Because it's my job to worry about the future, I couldn't sleep that night. I worried about my career and if it had already peaked, I wondered if our own jobs would hold out through the economic challenges. I hoped that my kids would find employment opportunity somewhere, make money and find a way to be happy; I wondered how many miles I could put on my car before needing to make another major part investment, and I wondered if Bruce Jenner could ever someday be free of manipulative Kardashian women. Don't ask why that last bit found its way on paper, my mind just works like that sometimes. I'm starting a new movement based on the atrocities imposed on the former Olympian. "Free Bruce". "Free Bruce Now".

While the family slept on the day after Christmas, I got dressed and ventured out to a nearby bakery that I knew would be open. It was early and nothing else along this 8 lane parkway was open. I sat shivering a little at a stop light while waiting for the SUV to warm up, but then I saw an older woman crossing at the light. She was wrapped up from head to toe in mismatched colors. A pink hat and oversized green scarf had covered all but her eyes. The hood from some sort of sweat shirt was visible protruding outside of her men's woolen overcoat, which extended almost down to the ground.

She was carrying multiple oversized shopping bags in each hand from local stores, and you could see that they were stuffed full of soft, balled up fabrics rather than the sharp edges of boxes or cans. My intersection wasn't near a bus stop, or a parking lot, or a subdivision, or an apartment complex. She was just moving from one closed retail section of this major thoroughfare to the other side without a visible or logical destination in sight. As viewed from the secure and slowly warming microcosm of my relatively expensive family vehicle, the reality of this woman's situation had hit me in the face like the cold wind blowing in hers. There, but for the grace of God go I.

I felt like an asshole for triggering or prolonging the spat with my wife, and was reminded how fragile, fickle and fucked up life and luck can be sometimes. I was lucky to have a roof over my head, family and my health, much less career growth, or a new car. Not that any of us would claim that our lives were perfect, but can it ever really be that way? I became instantly thankful for the things that do matter and realized how petty I had been over the weekend. I felt guilty for the ability to easily buy fresh bagels, muffins and cookies, but thankful that I could still provide for my family. The memories of the old neighborhood crept back in and were as fresh as yesterday's sunset. We never had much at all back then. When you're a kid, you don't know any different. You had a bed, you had food, and you had clothes and that was all that really mattered. We were lucky back then too, but not mature enough to know the difference between what we had, and those who really have nothing. I was reminded of the difference. I guess even Bruce Jenner is lucky too. God help him.

When I returned from the bakery along the same route, the woman had moved on, hopefully to another place with shelter and warmth. I thought again about the basic necessities in life that we all take for granted and how I might be able to do more for those who aren't as fortunate.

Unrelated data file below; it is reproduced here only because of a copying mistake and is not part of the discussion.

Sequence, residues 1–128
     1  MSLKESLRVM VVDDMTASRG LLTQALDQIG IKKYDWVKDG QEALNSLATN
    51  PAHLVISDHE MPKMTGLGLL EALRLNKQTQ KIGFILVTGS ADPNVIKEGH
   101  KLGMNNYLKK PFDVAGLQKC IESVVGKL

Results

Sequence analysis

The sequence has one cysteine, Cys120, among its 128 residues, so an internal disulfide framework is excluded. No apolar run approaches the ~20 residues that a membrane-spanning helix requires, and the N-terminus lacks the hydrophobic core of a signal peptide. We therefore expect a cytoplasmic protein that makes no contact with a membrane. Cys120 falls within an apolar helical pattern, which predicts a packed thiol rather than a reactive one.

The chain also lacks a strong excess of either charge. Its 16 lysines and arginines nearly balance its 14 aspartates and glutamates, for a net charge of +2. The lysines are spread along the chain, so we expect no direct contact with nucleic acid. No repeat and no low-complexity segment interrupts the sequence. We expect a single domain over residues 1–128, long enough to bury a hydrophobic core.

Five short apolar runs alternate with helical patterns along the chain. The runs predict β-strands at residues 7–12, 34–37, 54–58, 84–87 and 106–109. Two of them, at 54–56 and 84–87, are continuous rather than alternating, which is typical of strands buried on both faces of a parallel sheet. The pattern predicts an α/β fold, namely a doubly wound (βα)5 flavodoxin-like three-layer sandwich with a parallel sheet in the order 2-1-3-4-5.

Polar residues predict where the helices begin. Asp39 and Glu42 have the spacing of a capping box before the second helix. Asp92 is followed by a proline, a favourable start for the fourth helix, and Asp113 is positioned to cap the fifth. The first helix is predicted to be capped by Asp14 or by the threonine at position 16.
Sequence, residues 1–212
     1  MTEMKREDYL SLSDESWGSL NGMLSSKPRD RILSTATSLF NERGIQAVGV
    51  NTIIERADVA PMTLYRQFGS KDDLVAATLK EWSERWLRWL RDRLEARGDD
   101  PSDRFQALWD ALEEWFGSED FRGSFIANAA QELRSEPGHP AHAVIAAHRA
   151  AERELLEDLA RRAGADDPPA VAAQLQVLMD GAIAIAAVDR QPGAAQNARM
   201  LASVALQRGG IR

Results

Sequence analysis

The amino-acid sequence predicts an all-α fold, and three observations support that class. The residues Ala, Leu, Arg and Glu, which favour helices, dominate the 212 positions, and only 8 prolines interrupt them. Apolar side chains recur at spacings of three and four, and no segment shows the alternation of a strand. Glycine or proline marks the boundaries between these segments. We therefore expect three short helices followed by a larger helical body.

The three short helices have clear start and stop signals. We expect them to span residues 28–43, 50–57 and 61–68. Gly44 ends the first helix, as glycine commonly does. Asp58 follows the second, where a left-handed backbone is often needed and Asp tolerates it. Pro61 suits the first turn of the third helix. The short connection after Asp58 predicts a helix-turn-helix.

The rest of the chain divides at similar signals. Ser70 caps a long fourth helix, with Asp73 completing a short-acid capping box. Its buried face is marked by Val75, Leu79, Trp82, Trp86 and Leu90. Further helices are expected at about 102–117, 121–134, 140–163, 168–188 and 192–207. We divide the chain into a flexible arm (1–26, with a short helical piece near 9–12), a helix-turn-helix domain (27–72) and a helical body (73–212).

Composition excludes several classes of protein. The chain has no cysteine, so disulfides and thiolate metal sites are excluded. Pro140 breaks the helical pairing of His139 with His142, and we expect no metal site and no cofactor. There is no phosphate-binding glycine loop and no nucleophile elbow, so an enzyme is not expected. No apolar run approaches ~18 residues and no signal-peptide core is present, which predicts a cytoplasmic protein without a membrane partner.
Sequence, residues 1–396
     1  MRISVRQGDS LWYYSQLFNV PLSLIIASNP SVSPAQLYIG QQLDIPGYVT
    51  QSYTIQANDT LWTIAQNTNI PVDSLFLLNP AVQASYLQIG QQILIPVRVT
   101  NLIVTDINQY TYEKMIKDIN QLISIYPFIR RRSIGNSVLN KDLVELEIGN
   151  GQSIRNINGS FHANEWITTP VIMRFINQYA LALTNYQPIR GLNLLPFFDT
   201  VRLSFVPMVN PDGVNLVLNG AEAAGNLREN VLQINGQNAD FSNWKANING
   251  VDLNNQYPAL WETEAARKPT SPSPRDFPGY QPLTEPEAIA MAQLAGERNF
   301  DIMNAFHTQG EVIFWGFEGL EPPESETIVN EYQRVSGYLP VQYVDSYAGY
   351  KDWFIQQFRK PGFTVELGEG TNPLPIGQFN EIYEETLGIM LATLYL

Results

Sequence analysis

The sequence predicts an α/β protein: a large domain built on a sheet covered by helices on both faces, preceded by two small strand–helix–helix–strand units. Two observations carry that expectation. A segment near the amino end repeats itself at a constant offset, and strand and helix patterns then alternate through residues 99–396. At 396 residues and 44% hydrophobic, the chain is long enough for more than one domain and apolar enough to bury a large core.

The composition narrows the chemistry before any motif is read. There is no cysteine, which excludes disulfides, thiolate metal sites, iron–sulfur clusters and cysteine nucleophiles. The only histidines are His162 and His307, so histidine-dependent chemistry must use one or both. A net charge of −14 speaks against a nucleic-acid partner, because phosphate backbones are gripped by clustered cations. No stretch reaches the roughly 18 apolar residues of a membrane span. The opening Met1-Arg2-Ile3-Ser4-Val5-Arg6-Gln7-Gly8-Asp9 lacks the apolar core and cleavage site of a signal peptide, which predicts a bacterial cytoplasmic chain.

We spent the day after Christmas with old friends in Royal Oak. It was a nice lunch, some hand crafted beer, and great conversation. I miss them all and count myself lucky to have been able to spend any time with them along the way. We wrapped up the day and prepared for a departure back home the following morning. Our son sauntered off to school and work later that day, while we enjoyed the beauty of the season's first real snow fall. Wonderful to look at while it fills the trees and covers the grass, but shit to drive on. I was thankful for the sight of the snow, but reserve judgment about all those who couldn't seem to drive on it. I'm sure they were all good and thankful people themselves, but I would have been even more appreciative had they been thankful by experimenting with winter driving on some other road.

We arrived home late that afternoon, the snow adding another hour or so to our travel day. Stopping to pick up our 13 year old Brittany spaniel from the doggy hotel, it was good to be bringing another male home to the sea of estrogen that fills the house. He and I bonded like old friends while he sniffed my pants to see just where the hell we've been. He gave up quickly when confident that no strange dog had come into carnal contact with my leg.

And so, another holiday season comes to a close. I freely admit that I started out by being a pig nosed turd. But, I did come to appreciate those things that were and are important to me. I hope my own kids learn to appreciate the importance of the basic necessities of life as well, considering everything else to be a blessing. Shelter, food, clothing, security, and people who care about you are all anyone needs. Everything else is frosting. We are lucky and blessed and thankful for the things we have and it's pointless to dwell on or worry about those things we don't. This Christmas holiday provided me a cold reminder of those things that are most important. I hope the spirit of your own holiday season and recognition of those things that are truly important stays with you for months to come, and that you all have a warm, happy and healthy new year. That wish applies to any former decathlete named Bruce as well.

PM

The story above is a satire or parody. It is entirely fictitious.